So, You Want to Build an Anti-Virus Engine?


Android malware analysis engine is not a new story. Every antivirus company has their own secrets to build it. With Python and curiosity, we develop a malware scoring system from the perspective of Taiwan Criminal Law in an easy but solid way.

Description We have an order theory of criminal which explains stages of committing a crime. For example, crime of murder consists of five stages, they are determined, conspiracy, preparation, start and practice. The latter the stage the more we’re sure that the crime is practiced. According to the above principle, we developed our order theory of android malware. We develop five stages to see if the malicious activity is being practiced. They are 1. Permission requested. 2. Native API call. 3. Certain combination of native API. 4. Calling sequence of native API. 5. APIs that handle the same register. We not only define malicious activities and their stages but also develop weights and thresholds for calculating the threat level of a malware. Malware evolved with new techniques to gain difficulties for reverse engineering. Obfuscation is one of the most commonly used techniques. In this talk, we present a Dalvik bytecode loader with the order theory of android malware to neglect certain cases of obfuscation. Inspired by the design principles of the CPython interpreter, our Dalvik bytecode loader consists of functionalities such as 1. Finding cross-reference and calling sequence of the native API. 2. Tracing the bytecode register. The combination of these functionalities (yes, the order theory) not only can neglect obfuscation but also match perfectly to the design of our malware scoring system. Further, we will also show a case study of Android malware and demonstrate how the obfuscation technique is useless to our engine. Last but not least, we will be open-sourcing everything (Malware Scoring System, Dalvik Bytecode Loader) during our presentation.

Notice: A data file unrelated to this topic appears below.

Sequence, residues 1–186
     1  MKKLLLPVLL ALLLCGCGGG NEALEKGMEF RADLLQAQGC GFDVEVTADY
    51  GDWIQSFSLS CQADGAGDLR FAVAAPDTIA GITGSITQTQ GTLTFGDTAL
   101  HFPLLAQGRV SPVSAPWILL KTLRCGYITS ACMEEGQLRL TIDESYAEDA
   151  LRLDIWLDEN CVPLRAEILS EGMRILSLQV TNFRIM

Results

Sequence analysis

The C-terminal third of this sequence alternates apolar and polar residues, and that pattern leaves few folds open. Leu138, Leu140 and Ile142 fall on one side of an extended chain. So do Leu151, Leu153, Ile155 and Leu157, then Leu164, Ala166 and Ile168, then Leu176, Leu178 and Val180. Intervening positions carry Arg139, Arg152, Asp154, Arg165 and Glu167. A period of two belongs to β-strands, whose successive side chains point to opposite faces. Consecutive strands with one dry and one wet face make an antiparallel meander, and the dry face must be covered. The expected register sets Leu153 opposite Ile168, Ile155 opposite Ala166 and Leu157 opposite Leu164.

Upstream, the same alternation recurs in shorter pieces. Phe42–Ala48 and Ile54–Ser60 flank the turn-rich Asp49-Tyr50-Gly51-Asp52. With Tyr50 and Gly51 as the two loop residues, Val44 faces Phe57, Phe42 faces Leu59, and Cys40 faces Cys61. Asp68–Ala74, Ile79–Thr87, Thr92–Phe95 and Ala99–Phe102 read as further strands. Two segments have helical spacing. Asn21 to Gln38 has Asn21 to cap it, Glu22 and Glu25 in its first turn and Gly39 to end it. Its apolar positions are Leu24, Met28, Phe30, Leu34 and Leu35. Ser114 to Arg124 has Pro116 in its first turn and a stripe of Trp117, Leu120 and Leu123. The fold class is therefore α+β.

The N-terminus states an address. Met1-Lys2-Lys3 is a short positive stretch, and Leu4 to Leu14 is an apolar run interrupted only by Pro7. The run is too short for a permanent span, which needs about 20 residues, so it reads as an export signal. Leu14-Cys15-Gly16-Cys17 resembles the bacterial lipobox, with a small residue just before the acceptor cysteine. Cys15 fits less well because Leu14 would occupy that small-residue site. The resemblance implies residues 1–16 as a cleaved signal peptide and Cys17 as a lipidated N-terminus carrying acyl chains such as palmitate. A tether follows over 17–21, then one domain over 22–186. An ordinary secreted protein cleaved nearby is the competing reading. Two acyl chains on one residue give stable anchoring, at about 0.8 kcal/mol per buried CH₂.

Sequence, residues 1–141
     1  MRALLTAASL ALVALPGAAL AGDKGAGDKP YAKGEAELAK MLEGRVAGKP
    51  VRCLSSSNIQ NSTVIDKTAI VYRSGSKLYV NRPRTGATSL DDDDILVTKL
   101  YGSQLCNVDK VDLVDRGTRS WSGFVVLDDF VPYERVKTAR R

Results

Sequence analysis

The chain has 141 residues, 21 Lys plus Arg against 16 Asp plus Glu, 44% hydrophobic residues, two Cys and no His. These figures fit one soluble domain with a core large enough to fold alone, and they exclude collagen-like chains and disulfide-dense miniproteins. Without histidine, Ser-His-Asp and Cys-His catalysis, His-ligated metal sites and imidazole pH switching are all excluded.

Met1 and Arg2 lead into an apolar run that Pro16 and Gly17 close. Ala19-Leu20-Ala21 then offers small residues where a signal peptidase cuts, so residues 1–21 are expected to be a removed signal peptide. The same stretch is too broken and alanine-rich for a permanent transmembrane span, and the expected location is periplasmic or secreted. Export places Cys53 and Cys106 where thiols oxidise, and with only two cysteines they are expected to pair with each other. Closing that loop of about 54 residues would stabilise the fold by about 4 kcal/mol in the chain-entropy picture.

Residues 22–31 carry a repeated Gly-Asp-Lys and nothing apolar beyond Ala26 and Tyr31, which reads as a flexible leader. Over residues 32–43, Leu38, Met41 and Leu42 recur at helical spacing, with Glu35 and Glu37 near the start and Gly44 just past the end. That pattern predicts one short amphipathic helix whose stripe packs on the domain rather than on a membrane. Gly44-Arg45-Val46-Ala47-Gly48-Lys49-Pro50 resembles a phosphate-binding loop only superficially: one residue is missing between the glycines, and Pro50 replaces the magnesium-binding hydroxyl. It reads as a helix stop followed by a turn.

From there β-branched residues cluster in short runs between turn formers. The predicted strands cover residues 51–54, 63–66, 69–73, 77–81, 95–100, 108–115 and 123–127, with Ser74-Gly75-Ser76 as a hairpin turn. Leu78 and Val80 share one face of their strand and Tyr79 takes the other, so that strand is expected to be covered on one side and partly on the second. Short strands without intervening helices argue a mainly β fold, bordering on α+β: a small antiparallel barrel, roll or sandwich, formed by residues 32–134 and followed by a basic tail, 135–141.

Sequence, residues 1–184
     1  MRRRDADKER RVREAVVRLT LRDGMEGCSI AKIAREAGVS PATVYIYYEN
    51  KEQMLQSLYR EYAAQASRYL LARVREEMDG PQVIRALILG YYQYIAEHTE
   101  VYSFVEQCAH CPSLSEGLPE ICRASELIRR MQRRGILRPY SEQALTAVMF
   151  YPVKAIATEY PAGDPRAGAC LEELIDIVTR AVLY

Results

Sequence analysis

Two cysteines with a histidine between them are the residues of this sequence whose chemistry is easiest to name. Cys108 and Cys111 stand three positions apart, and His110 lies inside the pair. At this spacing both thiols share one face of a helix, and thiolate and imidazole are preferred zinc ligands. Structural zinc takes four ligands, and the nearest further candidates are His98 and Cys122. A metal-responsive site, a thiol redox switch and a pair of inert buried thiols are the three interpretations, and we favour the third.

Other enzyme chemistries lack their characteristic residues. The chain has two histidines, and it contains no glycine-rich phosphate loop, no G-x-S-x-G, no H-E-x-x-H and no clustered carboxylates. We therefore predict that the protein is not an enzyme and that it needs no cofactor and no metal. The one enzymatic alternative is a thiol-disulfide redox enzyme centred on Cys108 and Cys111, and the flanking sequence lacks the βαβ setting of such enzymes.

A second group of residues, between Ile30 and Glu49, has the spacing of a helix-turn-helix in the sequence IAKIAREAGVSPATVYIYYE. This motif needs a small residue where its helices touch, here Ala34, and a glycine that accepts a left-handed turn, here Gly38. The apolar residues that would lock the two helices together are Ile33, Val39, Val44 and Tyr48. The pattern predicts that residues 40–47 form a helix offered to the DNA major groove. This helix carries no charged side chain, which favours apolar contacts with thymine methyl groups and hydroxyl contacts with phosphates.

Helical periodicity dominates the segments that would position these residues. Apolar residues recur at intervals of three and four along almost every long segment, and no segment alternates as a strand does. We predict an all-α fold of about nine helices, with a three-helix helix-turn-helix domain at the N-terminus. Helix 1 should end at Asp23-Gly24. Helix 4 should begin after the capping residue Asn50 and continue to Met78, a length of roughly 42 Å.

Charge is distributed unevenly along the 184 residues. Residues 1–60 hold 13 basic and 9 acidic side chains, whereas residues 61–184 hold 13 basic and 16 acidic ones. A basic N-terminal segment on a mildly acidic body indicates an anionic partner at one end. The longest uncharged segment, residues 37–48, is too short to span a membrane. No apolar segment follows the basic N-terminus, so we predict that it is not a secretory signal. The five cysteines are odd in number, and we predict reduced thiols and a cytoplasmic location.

JunWei Song

JunWei is a Security Researcher from Taiwan. A paranoid Pythonista who focuses on cybersecurity, reverse engineering, and malware analysis. And as a PyCon Taiwan Program Committee, presented at DEFCON, HITB, ROOTCON, PyCon Europe/TW/KR/MY. He’s the co-founder of Quark-Engine and a security research group, TWBGC.

KunYu Chen

Security researcher, working at InfoSec Division, Telecom Technology Center.

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